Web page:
Quit Overthinking: 5 Ways of Solving Problems Without Overthinking
I arise in the morning torn between a desire to improve the world and a desire to enjoy the world. This makes it hard to plan the day. ~ E.B. White Click To Tweet
Our powerful human brains can be our ticket to true success and happiness, but they can also be our absolute worst enemy. The fact that we are able to fill our minds with almost unlimited thoughts is both a boon and a curse.
We have the ability to complete nearly any intellectual task we set our minds to, but this assumes we are actually able to set our minds to a specific goal without letting them wander or worry about extraneous factors that will end up holding us back. It assumes we’re able to quit overthinking.
As intelligent beings, we ironically sometimes need to stop our brains from thinking too much in order to focus on the task at hand. While it’s not easy, it certainly is doable. By tweaking the way we approach the difficult tasks in our lives, we’ll find it easier and easier to work through them without becoming overwhelmed and getting lost in the labyrinth of overthinking. Here are 5 ways of doing so.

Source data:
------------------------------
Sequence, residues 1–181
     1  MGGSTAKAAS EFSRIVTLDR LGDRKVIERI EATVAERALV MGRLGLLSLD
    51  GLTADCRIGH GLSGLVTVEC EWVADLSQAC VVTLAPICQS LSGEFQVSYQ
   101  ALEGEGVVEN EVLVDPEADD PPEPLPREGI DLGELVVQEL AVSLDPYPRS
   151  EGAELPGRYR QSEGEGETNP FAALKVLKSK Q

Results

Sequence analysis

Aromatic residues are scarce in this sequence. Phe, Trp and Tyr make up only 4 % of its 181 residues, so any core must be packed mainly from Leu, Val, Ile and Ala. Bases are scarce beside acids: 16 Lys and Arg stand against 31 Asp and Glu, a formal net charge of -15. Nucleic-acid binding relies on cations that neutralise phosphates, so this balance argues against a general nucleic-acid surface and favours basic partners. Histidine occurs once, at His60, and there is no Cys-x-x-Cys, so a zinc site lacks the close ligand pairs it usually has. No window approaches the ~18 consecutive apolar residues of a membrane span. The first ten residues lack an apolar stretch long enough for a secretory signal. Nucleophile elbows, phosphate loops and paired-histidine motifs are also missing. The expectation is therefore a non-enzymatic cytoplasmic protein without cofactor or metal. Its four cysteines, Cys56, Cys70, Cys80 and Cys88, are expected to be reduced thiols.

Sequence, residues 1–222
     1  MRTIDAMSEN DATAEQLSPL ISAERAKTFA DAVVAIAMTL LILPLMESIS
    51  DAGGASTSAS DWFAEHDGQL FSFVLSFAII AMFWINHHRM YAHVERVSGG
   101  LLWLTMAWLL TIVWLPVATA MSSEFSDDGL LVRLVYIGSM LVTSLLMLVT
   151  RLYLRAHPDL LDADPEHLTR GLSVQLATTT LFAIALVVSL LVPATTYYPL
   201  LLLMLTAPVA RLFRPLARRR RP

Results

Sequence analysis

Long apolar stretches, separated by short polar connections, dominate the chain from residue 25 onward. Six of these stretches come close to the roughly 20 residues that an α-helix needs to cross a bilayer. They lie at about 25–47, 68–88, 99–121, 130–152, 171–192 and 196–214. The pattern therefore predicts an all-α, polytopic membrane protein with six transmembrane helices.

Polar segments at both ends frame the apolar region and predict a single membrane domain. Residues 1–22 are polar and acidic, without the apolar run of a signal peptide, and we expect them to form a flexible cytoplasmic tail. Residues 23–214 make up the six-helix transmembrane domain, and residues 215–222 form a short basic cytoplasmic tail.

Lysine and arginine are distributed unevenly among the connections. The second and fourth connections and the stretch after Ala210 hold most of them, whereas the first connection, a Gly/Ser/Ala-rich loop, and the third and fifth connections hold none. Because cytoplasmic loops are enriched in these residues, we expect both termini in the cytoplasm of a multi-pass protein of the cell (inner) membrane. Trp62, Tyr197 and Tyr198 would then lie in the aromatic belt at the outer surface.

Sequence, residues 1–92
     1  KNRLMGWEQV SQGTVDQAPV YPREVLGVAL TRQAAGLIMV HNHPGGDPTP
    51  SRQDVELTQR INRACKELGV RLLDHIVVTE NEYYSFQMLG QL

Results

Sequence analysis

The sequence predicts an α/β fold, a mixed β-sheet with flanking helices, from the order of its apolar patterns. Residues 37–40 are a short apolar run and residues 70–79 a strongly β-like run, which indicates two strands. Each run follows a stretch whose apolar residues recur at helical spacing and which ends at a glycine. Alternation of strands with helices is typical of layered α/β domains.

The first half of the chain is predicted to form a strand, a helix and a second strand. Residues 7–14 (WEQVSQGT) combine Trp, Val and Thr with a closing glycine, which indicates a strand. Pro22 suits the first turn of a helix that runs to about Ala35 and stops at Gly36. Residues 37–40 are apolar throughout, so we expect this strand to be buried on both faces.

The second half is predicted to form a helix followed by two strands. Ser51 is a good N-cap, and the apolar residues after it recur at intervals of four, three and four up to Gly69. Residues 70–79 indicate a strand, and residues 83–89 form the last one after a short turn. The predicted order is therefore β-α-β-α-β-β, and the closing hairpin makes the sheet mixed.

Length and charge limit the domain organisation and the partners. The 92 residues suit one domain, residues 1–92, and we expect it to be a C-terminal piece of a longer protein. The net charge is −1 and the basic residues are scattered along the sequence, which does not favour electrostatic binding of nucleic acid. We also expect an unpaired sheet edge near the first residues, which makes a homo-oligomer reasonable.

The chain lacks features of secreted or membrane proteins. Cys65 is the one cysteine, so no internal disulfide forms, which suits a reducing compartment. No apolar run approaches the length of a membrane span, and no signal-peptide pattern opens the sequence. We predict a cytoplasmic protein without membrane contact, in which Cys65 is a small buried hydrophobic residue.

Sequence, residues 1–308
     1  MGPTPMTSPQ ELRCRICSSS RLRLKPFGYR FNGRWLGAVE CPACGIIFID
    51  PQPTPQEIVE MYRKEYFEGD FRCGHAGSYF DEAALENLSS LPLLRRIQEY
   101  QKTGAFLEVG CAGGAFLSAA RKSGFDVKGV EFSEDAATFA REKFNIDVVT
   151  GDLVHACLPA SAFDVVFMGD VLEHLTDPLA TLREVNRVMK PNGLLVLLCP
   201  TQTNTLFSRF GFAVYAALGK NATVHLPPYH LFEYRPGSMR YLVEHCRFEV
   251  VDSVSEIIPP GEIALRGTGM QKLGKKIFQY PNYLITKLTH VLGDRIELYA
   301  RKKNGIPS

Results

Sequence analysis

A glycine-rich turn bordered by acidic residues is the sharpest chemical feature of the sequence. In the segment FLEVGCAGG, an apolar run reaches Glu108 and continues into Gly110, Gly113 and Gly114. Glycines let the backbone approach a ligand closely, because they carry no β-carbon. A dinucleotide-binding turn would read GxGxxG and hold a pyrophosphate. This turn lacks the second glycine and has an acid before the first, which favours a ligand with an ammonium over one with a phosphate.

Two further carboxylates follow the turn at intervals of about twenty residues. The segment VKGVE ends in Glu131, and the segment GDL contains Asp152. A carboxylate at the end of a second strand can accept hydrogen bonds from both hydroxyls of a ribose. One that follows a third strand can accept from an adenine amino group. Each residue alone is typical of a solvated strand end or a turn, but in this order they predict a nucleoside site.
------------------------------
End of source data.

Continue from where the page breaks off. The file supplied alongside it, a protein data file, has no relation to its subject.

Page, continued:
1) Check Your Premises.
Chances are, most of the worries that run through your mind when you face a problem or obstacle are at least somewhat irrational. But it’s all too easy to miss that initial irrational thought, leaving us with a steadily speeding train into the realms of rumination.
In other words, you end up in an endless, cyclical thought process that is largely negative and often full of despair.
I’m sure many of you have experienced something similar to the following scenario:
You go to work and instantly get a knot in your stomach because you just know your boss is going to have something negative to say about the project you turned in yesterday, and you’ll have to spend the first two hours of your day fixing your mistakes, which means you’ll have to stay late to catch up on the other work you have to do, and you’ll miss dinner with your wife and kids, and end up getting to sleep later than you want to, meaning you’ll wake up groggy and unprepared tomorrow... I could go on.